Patients with systemic lupus erythematosus (SLE) suffer frequent infections that account for significant morbidity and mortality. T cell cytotoxic responses are decreased in patients with SLE, yet the responsible molecular events are largely unknown. We find an expanded CD8CD38high T cell subset in a subgroup of patients with increased rates of infections. CD8CD38high T cells from healthy subjects and patients with SLE display decreased cytotoxic capacity, degranulation, and expression of granzymes A and B and perforin. The key cytotoxicity-related transcription factors T-bet, RUNX3, and EOMES are decreased in CD8CD38high T cells. CD38 leads to increased acetylated EZH2 through inhibition of the deacetylase Sirtuin1. Acetylated EZH2 represses RUNX3 expression, whereas inhibition of EZH2 restores CD8 T cell cytotoxic responses. We propose that high levels of CD38 lead to decreased CD8 T cell-mediated cytotoxicity and increased propensity to infections in patients with SLE, a process that can be reversed pharmacologically.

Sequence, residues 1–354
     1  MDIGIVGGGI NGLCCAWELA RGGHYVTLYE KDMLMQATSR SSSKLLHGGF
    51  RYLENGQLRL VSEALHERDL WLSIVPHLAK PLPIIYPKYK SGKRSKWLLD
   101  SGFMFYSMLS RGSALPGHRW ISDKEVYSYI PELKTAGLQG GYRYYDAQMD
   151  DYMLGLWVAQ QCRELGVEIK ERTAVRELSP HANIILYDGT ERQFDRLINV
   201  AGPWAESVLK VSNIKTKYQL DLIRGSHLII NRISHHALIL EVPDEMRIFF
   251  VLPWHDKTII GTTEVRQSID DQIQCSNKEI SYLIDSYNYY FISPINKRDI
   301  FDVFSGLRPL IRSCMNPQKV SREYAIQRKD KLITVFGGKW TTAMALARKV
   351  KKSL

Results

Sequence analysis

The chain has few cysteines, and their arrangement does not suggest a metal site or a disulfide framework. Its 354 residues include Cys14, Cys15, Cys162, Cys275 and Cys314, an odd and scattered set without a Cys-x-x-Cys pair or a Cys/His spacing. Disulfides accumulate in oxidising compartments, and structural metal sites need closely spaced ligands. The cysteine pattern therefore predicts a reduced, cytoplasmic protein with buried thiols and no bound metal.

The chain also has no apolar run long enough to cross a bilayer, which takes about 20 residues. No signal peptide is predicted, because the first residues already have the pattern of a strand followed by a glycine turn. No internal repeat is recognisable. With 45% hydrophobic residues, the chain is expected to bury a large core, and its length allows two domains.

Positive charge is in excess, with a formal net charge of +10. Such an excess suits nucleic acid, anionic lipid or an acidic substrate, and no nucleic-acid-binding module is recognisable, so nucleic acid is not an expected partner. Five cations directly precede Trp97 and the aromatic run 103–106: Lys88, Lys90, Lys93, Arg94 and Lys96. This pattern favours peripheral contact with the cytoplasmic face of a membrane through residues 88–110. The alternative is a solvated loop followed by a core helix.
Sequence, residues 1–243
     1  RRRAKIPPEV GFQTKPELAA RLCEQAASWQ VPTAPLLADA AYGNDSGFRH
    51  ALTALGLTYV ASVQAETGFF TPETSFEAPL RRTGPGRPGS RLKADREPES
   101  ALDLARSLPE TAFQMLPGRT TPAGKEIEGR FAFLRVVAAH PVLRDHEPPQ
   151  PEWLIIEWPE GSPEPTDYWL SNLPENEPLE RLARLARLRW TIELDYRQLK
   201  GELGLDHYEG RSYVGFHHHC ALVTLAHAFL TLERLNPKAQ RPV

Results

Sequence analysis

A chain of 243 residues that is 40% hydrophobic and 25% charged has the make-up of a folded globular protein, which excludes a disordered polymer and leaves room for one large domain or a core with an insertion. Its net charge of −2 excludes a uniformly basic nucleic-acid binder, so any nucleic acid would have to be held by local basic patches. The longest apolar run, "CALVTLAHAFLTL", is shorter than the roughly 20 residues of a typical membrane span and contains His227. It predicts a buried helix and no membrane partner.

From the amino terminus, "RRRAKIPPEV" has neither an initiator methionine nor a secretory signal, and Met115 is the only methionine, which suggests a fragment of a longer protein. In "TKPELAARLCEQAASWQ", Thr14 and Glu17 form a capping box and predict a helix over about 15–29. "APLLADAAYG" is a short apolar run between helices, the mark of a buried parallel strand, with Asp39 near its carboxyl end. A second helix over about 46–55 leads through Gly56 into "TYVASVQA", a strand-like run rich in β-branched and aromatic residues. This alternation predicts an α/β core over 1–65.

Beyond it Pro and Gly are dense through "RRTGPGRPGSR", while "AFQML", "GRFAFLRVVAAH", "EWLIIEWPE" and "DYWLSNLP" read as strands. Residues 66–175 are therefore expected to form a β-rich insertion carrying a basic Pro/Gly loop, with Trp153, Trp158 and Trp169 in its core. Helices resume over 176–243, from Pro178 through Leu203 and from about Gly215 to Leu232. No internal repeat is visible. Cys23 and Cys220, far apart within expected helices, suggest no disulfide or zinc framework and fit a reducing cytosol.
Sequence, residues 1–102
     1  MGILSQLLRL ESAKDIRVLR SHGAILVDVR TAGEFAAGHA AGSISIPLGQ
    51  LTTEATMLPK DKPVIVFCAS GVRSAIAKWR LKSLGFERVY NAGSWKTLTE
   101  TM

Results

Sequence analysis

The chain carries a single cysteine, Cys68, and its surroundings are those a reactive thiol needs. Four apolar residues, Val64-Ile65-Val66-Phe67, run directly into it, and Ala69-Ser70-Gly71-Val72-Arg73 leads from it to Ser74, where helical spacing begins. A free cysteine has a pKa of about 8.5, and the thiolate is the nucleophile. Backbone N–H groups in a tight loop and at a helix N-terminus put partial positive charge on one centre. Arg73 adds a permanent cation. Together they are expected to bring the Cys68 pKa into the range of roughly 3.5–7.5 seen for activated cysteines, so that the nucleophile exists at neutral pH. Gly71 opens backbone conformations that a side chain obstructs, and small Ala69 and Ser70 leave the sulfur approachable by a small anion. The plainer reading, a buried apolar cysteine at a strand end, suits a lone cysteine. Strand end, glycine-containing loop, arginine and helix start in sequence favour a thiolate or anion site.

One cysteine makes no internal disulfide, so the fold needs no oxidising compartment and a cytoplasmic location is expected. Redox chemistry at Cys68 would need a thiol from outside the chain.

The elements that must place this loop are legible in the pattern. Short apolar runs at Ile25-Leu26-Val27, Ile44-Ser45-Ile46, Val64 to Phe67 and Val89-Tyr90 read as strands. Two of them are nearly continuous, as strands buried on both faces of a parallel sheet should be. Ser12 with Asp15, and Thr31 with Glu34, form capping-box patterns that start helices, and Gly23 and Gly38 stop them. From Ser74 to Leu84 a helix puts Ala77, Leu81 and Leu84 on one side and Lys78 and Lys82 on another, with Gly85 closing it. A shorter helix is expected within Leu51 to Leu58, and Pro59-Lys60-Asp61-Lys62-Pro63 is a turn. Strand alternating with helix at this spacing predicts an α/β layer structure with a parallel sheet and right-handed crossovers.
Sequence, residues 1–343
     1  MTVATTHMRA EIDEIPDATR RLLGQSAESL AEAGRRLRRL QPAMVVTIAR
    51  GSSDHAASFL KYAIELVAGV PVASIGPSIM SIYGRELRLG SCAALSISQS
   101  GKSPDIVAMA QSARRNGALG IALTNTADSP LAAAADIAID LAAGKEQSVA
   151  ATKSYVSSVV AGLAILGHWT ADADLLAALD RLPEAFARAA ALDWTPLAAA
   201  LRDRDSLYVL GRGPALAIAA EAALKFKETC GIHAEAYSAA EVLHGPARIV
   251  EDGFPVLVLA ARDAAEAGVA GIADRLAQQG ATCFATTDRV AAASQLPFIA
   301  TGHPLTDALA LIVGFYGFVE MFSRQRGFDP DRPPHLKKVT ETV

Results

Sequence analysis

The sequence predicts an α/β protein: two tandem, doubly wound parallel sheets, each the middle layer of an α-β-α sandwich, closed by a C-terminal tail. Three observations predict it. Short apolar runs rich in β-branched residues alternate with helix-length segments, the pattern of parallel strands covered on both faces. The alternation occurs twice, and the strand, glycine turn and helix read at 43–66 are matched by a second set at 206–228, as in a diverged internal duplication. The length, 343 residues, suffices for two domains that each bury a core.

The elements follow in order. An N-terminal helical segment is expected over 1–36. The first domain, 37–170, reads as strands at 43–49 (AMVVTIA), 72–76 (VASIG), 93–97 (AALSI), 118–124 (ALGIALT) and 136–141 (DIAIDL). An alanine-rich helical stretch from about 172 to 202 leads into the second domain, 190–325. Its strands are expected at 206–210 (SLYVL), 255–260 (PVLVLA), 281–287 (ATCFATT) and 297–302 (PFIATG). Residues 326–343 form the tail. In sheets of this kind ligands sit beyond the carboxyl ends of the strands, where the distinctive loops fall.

Keywords: CD38; CD8 T cell; EZH2; Sirtuin1; cytotoxicity; infection; nicotinamide adenine dinucleotide; patients; systemic lupus erythematosus.
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